Craig is heading back to Milwaukee for the second time in his career - this time, of his own free will, rather than as part of a trade. The Brewers have agreed to pay him $2.8m for 2007 and 2008, with a $3.4m team option or $400K buyout for 2009. I also note that if he's traded, he also gets a $2.8m player option for 2009. It's a bit of a poison pill hidden inside the deal, mostly for the Brewers, who may find him hard to trade as a result - though given he turns 39 in the middle of that year, there probably won't be many teams queueing up for CC.
But Milwaukee seem to love Craig. That contract will take Counsell's career to ten years, and the three best-paid ones have all been in Beer City: his 2007 salary there represents almost a 60% increase over what he was paid by the Diamondbacks this year. And much as we talked about Easley's output the other day, among the 114 NL players with 400+ PA's, by OPS, Counsell ranked in the bottom ten, coming in 105th. [As an aside, I see former D-back, Royce Clayton - #109 on the same list - just got signed by Toronto] Of course, it's true to say that Counsell's value is in part his fielding prowess, and few people would argue against the theory that he is also one of those players who are a positive influence on those around him. That's especially important for a young team like Milwaukee - okay, we'll likely be just as young here, the difference in Phoenix is, our youngsters have already proven themselves superior to their elders.
This is really a win for everyone: as well as the pay-rise, Counsell likely gets to play every day, which he certainly would not have done here. He also grew up and went to high school in the area. The Brewers get a mentor, one of baseball's undeniable good guys, and a known commodity who has already proven himself in Milwaukee. And, hey, as compensation for losing a Type B free agent, the Diamondbacks get a nice sandwich pick in the 2007 draft, between the first and second rounds. All the best to Craig, whose picture can be found in the dictionary, next to "consumate professional." Maybe he'll come back and sign for Arizona in 2009 again. Just for giggles, y'know?
Actually, it was a strange kind of deal, in the end. At first, it looked like Counsell was heading to the Padres, on a two-year, $5m contract. But the Brewers apparently got fed up waiting for Tony Graffanino to respond to their offer, and decided to go after Counsell instead. The Padres pulled their offer after Counsell's agent advised them there were other offers - the Cubs and Cardinals were also interested - and they may end up pursuing Graffanino instead. Kinda amusing to be a spectator on this infield whirlwind, while we sit here, comfortable in the knowledge that Stephen Drew will be our starting SS. It's like watching the mad mating dance in a Scottsdale nightclub at last call, when you know Keira Knightley is waiting in your limo outside. ;-)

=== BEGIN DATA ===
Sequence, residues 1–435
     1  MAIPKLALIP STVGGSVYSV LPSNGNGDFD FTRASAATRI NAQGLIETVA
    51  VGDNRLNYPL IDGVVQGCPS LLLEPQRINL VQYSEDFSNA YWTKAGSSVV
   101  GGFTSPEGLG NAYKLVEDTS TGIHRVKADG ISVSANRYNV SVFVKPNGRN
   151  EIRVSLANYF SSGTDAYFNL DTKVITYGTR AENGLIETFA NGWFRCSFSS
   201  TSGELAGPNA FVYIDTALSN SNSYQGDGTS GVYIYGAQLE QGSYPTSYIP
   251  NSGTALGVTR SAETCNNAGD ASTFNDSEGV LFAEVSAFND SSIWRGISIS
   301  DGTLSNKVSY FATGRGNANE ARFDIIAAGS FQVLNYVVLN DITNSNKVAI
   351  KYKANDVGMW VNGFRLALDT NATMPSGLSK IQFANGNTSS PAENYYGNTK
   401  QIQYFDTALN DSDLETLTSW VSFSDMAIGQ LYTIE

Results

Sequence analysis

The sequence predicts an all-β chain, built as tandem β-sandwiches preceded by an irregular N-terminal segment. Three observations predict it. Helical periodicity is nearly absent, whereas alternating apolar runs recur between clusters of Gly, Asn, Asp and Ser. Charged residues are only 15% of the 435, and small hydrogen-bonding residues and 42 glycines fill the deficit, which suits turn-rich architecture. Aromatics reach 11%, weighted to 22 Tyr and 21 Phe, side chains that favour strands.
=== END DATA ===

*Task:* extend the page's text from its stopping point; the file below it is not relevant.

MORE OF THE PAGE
Meanwhile, looks like our other much-beloved example of veteran presence, Luis Gonzalez, has reports that we're talking to Mark Mulder. With Davis now added to the rotation, the dynamics of the search for a pitcher now take a slightly-different tack. Having locked in a top three, Mulder now becomes a more-interesting throw of the die. Relying on him as a top of the rotation starter would have been a gamble, but does it now seem like a risk worth taking? Even though I still have a "Mulder" A's shirt in my wardrobe, I'd pass. I'm not sure I like the "two guaranteed years" mention in the article: the piece doesn't mention it at all, but let's remember that he just had rotator cuff surgery, a procedure from which recovery is arduous and far from guaranteed. Let someone else spin the chamber on that one.
To, likely, nobody's great shock, we lost out on rights to the "other" Japanese pitcher up for auction this year, the Yankees bidding about two-and-a-half times what we offered for Kei Igawa. After losing out to the Red Sox for Matsuzaka, the Yankees were clearly taking no chances on failing to get their helping of sloppy seconds from the sushi-bar... Really, it somewhat surprises me that the Diamondbacks ever thought they even had a chance of competing with the big-market behemoths. They should have asked me, and I'd have swiped a few Yu-gi-oh cards from my nephew, to sweeten our bid. I guess we'll keep quietly pursuing Tomo Ohka instead.
Oh, and if you haven't seen it already, take a look at the diaries on the right, and join in the debate as to whether it's better to watch a game at the park or on TV. Of course, in the depths of late November, we'd take just about any baseball... :-)